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LETTER: B.C. part of the climate-change problem

From reader Keith Wiley
Nelson, B.C. Photo: Bill Metcalfe

The last segment of its sixth big report on the climate crisis was released this month by the International Panel on Climate Change. It’s being framed in the media as “the last warning.”

United Nations Secretary General Antonio Guterres was typically strong in his remarks:

“This report is a clarion call to massively fast-track climate efforts by every country and every sector and on every timeframe. Our world needs climate action on all fronts: everything, everywhere, all at once.”

With so much business-as-usual, the world is now blowing past the 1.5 C safe limit on warming set by the Paris accord.

B.C. should be paying particular attention. Some highlights of the report’s top recommendations are extremely relevant here. While emissions overall must be reduced, the No. 1 on the list is methane. That’s natural gas, of course, and the Peace River Montney gas field has been named as the single biggest carbon bomb in the country. Reducing methane releases is the climate measure with the largest immediate impact.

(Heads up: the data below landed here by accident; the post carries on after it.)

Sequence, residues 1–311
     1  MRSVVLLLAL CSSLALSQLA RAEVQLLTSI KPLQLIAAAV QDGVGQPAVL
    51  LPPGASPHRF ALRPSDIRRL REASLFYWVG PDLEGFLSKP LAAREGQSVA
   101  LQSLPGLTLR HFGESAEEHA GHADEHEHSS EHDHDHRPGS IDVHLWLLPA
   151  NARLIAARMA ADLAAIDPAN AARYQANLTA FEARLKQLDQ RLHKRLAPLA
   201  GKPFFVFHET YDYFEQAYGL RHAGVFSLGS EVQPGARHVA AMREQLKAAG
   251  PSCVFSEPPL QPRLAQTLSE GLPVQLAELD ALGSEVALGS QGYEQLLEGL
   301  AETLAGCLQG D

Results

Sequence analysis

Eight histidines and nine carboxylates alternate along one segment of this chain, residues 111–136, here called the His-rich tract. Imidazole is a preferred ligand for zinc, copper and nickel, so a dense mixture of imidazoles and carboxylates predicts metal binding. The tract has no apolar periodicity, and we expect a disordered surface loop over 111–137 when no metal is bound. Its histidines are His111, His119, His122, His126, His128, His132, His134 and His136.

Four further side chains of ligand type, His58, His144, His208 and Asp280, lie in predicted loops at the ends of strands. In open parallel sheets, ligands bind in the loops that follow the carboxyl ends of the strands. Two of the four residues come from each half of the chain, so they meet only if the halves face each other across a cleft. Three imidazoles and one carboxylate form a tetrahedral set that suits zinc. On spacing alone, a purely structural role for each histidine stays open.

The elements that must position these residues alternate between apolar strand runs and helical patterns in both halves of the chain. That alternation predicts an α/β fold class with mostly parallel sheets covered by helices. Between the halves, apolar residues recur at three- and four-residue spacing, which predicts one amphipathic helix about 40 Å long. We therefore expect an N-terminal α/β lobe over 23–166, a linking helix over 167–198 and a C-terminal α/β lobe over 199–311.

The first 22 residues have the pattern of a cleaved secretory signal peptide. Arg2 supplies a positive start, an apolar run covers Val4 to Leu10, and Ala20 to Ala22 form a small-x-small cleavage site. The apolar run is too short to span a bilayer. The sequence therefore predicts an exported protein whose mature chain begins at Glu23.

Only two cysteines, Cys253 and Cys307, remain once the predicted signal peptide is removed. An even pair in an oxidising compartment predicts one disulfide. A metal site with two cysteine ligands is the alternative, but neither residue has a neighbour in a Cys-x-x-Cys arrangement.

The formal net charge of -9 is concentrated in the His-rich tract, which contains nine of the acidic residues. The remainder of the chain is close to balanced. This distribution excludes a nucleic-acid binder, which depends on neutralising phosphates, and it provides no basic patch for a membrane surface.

But also this month, the B.C. government green-lit the new Cedar LNG plant that will put out three million tons a year of methane. And after years of talking about it, the province has no firm plan to tighten up all the leaks and releases along the methane supply chain.

Interestingly, the second top recommendation, stop deforestation, is also extremely relevant in a province that is eating away at the last bits of ancient old growth and clear-cutting forests steadily, including for wood pellet exports.

After he became NDP leader David Eby said the province couldn’t allow more fossil fuel projects and reach our climate targets. They have already since approved one LNG project and at least four more are on the drawing board. As citizens we can insist our government get on target.

Keith Wiley